Another sort of fragrance experience is provided by the likes of Abelia mosanensis (Fragrant Abelia) and Viburnum carlesii (Koreanspice Viburnum). These two shrub's fragrance can transform an entire backyard. Curiously around my part of the country the Abelia most often seen is Abelia x grandiflora, a half hardy shrub with forgettable fragrance. (I really can't recall.) On the other hand Abelia mosanensis is fully hardy and made our deck a sensory delight for about two weeks this spring.

Thursday, May 29, 2014

Boon and Bane

Symphytum azureum is not your grandmother's comfrey. Here it is in bloom on May 9th.

The mass of blue at the top of  the picture is Symphytum azureum on May 4th demonstrating its ability to function as a groundcover and suggesting its potential to spread.
 
This October 24th picture demonstrates the ability of Symphytum azureum to grow through thick mulch and for its leaves to persist well into the fall.



Symphytum azureum (The common name (comfrey) is very misleading. This is NOT the comfrey that most people know.) It is one of those plants that is both exceptionally useful and a nuisance to get rid of. I am just coming off about a ten year honeymoon with the plant where everything it did pleased me, so I am surprised at how little is seems to be known and offered. Curiously, a Google search brings up mostly sites outside of the U.S. An issue over its proper name may be one reason.

It spreads slowly. It isn't what you would call invasive. Inexorable would be a better description for its slow but relentless spread throughout a suitable growing site. So now after a decade it has reached the boundaries of where I want it to be, but I find it does not come with an off switch.  It would not be very compatible with mixed perennial plantings. I fear it would insinuate itself into most anything herbaceous, although I imagine larger plants could readily grow through it. By the way the web site for the German nursery Lorenz von Ehren says that prompt deadheading will slow its spread.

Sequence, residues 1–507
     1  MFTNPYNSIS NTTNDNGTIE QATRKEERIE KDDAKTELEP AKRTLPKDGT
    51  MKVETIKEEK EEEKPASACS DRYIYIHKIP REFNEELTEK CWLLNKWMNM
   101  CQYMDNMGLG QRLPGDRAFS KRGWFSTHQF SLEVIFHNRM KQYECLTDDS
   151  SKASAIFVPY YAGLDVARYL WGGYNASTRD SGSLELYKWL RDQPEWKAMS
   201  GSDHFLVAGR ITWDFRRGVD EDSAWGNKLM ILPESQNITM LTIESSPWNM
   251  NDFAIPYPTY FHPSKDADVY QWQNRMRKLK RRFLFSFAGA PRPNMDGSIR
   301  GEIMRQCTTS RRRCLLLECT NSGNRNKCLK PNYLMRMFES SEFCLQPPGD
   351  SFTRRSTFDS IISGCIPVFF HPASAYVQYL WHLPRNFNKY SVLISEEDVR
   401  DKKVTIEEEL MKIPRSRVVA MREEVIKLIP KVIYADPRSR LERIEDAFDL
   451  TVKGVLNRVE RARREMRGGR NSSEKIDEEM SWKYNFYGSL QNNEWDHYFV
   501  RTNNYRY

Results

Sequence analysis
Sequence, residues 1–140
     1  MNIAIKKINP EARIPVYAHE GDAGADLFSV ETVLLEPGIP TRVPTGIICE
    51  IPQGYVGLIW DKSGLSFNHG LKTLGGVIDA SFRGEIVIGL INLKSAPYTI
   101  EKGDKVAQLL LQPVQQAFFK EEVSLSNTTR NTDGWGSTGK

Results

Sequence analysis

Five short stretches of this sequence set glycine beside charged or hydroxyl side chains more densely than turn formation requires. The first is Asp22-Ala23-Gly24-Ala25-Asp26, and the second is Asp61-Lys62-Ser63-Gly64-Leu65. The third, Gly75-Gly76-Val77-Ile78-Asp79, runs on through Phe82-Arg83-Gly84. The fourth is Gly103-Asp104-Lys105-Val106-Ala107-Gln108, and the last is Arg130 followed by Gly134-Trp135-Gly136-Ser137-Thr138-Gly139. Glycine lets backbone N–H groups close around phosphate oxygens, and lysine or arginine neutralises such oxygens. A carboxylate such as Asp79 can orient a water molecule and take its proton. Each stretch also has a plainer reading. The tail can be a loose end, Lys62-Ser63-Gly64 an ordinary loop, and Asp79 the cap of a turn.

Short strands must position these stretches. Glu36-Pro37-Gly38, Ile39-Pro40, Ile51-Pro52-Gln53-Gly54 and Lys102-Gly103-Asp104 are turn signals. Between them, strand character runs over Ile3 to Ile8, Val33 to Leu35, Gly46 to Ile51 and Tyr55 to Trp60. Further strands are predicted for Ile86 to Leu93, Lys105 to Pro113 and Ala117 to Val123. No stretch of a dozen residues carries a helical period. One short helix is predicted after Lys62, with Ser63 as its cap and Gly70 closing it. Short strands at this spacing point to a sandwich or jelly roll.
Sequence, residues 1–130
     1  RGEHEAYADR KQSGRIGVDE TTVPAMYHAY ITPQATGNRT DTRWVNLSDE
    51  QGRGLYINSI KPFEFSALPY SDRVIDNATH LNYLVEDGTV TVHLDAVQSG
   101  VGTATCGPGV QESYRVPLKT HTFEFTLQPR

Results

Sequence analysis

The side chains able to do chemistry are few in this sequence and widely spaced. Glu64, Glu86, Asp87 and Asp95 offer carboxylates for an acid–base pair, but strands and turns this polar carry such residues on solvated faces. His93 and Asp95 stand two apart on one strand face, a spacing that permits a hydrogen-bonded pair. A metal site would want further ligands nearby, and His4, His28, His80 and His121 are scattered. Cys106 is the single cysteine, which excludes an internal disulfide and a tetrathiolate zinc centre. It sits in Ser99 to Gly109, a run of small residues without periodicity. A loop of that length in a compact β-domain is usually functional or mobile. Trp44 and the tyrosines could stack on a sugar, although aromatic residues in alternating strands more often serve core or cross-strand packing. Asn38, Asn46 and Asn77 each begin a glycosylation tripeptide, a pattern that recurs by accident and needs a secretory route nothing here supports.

What has been exciting to me is that it is both attractive and very successful at developing a dense stand under the heavy shade of a sugar maple and a massive Norway spruce. For the very patient or the free spender it makes a great groundcover for the shade. The catch is that it must be contained (or perhaps diligently deadheaded).

On the whole it is a very useful plant that would bring considerable joy to gardeners, especially where an attractive solid stand of a highly shade tolerant groundcover is wanted.

Wednesday, May 7, 2014

The Wow Factor

 
 
 
Gentiana verna

Sometimes plants just knock your socks off when you first have success growing them. Jeffersonia dubia certainly had that affect on me as did Gentiana scabra. Now another Gentian has bowled me over, Gentiana verna. I am growing it in a trough garden with excellent drainage, and it is blooming after its first winter. I read that it is short lived, and I see no mention of self seeding so I guess I had better enjoy it while I can. What an amazing blue!

Monday, February 17, 2014

Inverted Growing Season

Cyclamen hederifolia flowers emerging through Carex platyphylla foliage in September

Cyclamen hederifolia in full leaf in mid January, finding plenty of growing room, growing with the dormant Carex platyphylla seen in the previous image

Arum italicum fruiting in August with conspicuously dormant leaves.
 
Dentaria (Cardamine) diphylla still looking fresh in March after being around all winter and before going dormant in the summer
 
Sternbergia lutea blooming in the fall as its leaves emerge from dormancy